In his native Ghana, Dr. Ohene-Frempong established a pilot program to provide screening for sickle cell disease among newborns in the southern city of Kumasi. It was the first such program in sub-Saharan Africa. In addition to identifying children with the illness, the program referred them to specialized clinics that provided treatments like antibiotics to prevent infections, routine immunizations and a drug, hydroxyurea, that can reduce the risk of complications from sickle cell.
Kwaku Ohene-Fremong was born on March 13, 1946, in Kukurantumi, in eastern Ghana, to Kwasi Adde Ohene and Adwoa Idi Boafu. His father was a cocoa farmer and a prominent member of a royal family.
Kwaku attended a boarding school, Prempeh College, then went to Yale University, where he majored in biology and was captain of the track and field team, setting indoor and outdoor records in the high hurdles. While a student, he met Janet Williams, who was attending Cornell University. They married on June 6, 1970, one week after they had both graduated.
Dr. Ohene-Frempong said in an interview in 2019 that he first found out about sickle cell when he and some friends attended a lecture about the disease at Yale. As he sat listening, he said, he suddenly recognized the disease: It was in his family but had gone undiagnosed. One of his cousins had the symptoms and died at 14.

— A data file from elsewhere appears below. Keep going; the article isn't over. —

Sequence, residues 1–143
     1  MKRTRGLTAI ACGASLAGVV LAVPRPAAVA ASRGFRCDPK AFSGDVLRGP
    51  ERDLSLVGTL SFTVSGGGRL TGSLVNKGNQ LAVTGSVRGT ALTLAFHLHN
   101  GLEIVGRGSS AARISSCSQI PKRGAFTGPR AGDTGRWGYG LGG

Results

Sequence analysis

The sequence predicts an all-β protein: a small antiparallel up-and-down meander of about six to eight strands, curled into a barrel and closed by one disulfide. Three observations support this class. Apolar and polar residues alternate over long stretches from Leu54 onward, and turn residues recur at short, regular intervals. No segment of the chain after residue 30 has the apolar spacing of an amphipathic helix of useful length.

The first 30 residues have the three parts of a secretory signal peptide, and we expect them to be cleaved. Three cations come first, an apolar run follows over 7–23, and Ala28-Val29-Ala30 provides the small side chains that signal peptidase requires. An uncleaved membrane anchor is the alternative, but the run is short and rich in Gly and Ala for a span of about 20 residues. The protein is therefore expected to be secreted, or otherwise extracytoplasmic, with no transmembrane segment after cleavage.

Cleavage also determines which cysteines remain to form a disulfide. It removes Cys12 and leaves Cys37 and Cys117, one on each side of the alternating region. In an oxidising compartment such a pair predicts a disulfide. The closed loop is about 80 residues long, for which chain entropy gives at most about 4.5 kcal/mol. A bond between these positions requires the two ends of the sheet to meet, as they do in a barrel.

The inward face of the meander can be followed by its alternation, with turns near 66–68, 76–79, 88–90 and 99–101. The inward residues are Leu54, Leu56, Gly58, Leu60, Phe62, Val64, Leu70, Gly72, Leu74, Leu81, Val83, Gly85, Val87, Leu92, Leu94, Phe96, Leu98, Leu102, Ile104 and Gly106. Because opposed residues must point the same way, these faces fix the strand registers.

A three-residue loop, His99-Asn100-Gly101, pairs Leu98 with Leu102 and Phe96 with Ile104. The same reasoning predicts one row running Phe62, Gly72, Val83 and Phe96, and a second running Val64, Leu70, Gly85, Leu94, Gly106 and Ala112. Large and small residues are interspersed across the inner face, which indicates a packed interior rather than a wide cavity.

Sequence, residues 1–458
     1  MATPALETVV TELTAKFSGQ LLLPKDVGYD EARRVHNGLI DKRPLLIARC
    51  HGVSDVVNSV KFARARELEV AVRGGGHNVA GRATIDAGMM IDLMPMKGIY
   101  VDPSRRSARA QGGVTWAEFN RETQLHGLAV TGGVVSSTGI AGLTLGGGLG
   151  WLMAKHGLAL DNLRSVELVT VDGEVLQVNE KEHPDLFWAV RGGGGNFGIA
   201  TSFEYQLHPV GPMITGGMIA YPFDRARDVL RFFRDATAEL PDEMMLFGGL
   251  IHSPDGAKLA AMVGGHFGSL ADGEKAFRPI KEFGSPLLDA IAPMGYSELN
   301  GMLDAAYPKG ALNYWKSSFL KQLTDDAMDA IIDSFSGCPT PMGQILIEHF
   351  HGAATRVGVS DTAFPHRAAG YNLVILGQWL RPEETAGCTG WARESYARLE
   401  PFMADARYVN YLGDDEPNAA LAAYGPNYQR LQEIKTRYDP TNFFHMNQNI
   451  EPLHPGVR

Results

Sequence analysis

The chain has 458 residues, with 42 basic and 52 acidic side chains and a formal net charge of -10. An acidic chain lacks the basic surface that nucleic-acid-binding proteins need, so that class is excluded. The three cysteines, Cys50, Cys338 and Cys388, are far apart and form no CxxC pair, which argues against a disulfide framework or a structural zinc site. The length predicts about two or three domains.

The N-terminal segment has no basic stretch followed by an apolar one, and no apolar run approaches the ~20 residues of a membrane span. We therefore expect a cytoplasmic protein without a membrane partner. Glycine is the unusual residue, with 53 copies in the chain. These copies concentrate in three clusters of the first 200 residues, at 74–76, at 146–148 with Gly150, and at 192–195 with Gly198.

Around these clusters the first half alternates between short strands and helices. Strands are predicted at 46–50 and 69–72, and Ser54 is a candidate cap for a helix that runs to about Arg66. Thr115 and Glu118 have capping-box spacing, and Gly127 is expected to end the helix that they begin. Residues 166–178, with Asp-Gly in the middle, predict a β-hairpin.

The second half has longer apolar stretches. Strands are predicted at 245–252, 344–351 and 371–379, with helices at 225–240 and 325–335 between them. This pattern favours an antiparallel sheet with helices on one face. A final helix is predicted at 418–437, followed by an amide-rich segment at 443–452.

“He was in pain,” he said of his cousin. “His eyes were very yellow, and he was very skinny.”
Dr. Ohene-Frempong continued on to medical school at Yale, then went to New York Hospital Weill-Cornell Medical Center in Manhattan for his residency. He studied pediatric hematology at the Children’s Hospital of Philadelphia before moving to the Tulane University School of Medicine, where he was associate professor of pediatrics.
In his six years at Tulane, he established the Tulane Sickle Cell Center of Southern Louisiana, a medical care facility, and helped the state health department develop a newborn-screening program for the disease.
In 1986, Dr. Ohene-Frempong returned to Children’s Hospital and remained there for 30 years before leaving to work full time in Ghana, at the Kumasi Center for Sickle Cell Disease, a research and treatment center. He was still based there when he returned to Philadelphia for cancer treatment.
Source: NY Times